Following May's nationwide disruptions in France, which saw strikes paralyse everything from schools to trains to the postal service, the French protest bandwagon is rolling again this month with actors and technicians now at the forefront.
Industry workers are protesting a proposed cut in unemployment benefits that would see them move from working 507 hours over 12 months for eligibility to 507 hours in 10 and a half months of 'on-time.'
Following a protest Tuesday when 60 artists marched on the 31st International Film Festival of La Rochelle to invade screening rooms and force the cancellation of the day's program, a group of directors calling themselves "Angry Filmmakers" have pulled their films from Paris Cinema, an event showcasing film throughout the capital.
During a press conference in Paris, the co-ordinator of the so-called Angry Filmmakers, Jean-Pierre Thorn, announced that all directors of "films d'auteurs" had ceased their co-operation with Paris Cinema and the La Rochelle festival. "We are in the middle of demolishing a system without deigning to negotiate with those principal to the system," said Thorn.
The move against Paris Cinema is certainly the biggest blow so far of the strike given that this is the debut year for the event which has been backed by the city and Paris mayor Bertrand Delanoe to the tune of Euros 1.2m.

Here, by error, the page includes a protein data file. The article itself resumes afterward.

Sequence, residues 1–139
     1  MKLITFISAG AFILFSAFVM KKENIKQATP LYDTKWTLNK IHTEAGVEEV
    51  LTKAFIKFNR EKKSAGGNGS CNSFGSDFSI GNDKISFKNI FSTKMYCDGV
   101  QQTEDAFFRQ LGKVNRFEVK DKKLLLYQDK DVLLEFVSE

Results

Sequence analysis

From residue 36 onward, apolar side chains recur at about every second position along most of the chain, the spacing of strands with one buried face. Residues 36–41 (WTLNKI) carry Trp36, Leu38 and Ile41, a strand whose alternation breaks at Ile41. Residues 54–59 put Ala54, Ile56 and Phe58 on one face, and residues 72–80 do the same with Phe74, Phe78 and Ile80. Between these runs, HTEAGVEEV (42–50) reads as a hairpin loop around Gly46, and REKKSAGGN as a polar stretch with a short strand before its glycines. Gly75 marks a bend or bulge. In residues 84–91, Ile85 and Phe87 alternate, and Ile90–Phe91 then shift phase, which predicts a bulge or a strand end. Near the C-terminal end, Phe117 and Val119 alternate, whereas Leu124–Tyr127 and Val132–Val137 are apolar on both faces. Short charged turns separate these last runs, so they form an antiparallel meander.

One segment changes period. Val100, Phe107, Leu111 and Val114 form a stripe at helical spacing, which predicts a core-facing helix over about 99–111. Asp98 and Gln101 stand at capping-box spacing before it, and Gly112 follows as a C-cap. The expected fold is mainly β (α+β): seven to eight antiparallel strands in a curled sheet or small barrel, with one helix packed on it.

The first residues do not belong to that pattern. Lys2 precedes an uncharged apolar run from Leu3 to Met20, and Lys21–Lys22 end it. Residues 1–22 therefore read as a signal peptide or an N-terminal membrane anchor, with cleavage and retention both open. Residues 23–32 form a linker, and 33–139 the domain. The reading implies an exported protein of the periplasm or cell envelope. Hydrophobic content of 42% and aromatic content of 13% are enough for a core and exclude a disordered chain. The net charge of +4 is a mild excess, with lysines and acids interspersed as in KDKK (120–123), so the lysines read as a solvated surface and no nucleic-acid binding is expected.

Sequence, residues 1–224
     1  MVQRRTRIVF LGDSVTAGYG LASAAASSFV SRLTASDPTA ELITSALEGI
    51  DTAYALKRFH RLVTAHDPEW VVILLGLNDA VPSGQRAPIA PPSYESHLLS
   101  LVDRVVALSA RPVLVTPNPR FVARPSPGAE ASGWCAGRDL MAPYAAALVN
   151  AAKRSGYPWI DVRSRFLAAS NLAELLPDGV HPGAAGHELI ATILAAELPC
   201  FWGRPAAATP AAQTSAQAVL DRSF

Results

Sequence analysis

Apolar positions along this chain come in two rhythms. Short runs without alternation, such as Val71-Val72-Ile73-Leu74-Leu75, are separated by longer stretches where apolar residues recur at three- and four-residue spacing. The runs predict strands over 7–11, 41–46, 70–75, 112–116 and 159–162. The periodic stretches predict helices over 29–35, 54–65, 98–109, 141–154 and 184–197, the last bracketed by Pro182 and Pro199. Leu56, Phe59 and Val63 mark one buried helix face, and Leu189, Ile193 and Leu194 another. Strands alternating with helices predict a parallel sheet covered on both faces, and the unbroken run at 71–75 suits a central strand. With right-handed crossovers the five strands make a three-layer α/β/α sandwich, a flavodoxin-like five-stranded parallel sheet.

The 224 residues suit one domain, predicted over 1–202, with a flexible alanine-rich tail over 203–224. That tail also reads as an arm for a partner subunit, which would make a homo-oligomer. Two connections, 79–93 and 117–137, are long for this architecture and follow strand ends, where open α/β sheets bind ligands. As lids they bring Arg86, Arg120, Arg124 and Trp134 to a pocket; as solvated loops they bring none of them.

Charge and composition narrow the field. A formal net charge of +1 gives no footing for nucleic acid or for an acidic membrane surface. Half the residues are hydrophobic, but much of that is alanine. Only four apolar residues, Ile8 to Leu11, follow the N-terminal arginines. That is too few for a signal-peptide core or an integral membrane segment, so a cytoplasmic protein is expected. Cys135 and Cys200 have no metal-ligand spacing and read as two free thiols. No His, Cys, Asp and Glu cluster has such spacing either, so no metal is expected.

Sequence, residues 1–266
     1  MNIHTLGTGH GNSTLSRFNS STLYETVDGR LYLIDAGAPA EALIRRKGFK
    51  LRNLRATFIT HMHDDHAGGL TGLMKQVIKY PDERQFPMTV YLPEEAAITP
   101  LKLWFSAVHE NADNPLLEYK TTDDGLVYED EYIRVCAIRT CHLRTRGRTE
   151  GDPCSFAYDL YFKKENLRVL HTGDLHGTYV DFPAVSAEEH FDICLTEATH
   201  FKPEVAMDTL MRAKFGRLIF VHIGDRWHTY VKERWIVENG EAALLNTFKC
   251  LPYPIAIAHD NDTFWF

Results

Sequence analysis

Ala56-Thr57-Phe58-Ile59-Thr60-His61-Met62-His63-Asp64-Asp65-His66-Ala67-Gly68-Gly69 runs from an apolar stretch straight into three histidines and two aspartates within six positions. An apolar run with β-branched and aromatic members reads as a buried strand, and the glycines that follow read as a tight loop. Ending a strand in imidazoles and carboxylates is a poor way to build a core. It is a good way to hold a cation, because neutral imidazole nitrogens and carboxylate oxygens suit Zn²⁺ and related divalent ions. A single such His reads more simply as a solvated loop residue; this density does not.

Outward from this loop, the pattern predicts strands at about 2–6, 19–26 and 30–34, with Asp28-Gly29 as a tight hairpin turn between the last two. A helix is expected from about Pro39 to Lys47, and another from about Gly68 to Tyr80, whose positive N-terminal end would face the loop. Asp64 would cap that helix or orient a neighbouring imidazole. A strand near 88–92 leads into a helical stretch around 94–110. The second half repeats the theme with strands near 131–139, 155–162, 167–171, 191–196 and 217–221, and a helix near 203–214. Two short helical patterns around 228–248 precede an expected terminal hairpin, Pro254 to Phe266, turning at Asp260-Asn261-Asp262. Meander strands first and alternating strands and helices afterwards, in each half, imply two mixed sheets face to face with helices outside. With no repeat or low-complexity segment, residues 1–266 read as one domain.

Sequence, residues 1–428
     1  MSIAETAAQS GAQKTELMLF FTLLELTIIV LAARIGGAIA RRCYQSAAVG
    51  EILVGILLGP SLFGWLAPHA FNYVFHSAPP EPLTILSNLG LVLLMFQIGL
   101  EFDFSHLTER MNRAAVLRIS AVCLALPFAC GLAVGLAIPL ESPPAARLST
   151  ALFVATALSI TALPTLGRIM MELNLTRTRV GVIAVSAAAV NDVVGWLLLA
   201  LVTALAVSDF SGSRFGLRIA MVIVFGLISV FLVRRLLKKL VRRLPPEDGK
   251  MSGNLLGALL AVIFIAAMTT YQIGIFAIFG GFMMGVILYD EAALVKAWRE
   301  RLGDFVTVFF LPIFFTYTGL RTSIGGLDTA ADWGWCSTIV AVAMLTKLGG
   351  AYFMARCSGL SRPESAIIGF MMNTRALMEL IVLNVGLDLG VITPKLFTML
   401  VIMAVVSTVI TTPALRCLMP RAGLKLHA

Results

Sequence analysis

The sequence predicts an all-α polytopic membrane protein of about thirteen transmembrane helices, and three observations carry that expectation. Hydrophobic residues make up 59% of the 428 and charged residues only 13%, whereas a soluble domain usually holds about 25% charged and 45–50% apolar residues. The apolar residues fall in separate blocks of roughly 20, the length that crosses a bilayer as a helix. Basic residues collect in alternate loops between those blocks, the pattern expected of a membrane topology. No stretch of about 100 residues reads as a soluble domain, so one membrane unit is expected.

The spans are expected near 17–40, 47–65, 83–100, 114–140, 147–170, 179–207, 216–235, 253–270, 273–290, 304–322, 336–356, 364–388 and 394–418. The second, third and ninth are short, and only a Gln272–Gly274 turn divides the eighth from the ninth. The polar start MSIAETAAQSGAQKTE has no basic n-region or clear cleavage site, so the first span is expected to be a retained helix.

On Wednesday, 50 union members stormed the headquarters of France's broadcast watchdog the CSA, while various festivals in Rennes and Bordeaux were cancelled due to the outcry.
Culture minister Jean-Jacques Aillagon has pledged government support to festivals which have fallen or may fall prey to the brouhaha, while at the same time being lambasted by workers. While the potential accord concerns mostly part-timers who are far away from the A- (or for that matter B-) list, some big names are beginning to come forward to show support.
Director Pascal Thomas, president of the Societe des Realisateurs de Films (SRF - the entity behind Directors' Fortnight), denounced the "blackguard agreement" which was signed on June 26 by the Midef, CFDT, CFTC and CGC unions. France's most powerful union, the CGT, has so far refused to sign and is thus causing most of the uproar.
Actor Fabrice Luchini has also pledged his support saying, "It's very easy for me to show solidarity since I can't work for the entire month of July.". Luchini is one of France's most prolific and beloved theatre and film actors.
However, this year's Cannes jury president and lauded film and theatre director Patrice Chereau has sided against the strikers calling the movement something "extremely counter-productive and suicidal." He told French daily Le Monde, "The world of spectacle is shooting itself in the foot. If we cancel the Avignon Festival we will have killed it and I don't see how that can make anything advance." He added, "I am absolutely not shocked by the agreement....I think the CGT has a tendency to make the worst kind of politics."
The last big industry strike in France came in the early 90s when actors who work as voice dubbers protested their inequality with regular on-screen actors. The strikers did indeed get a better deal following the complaints.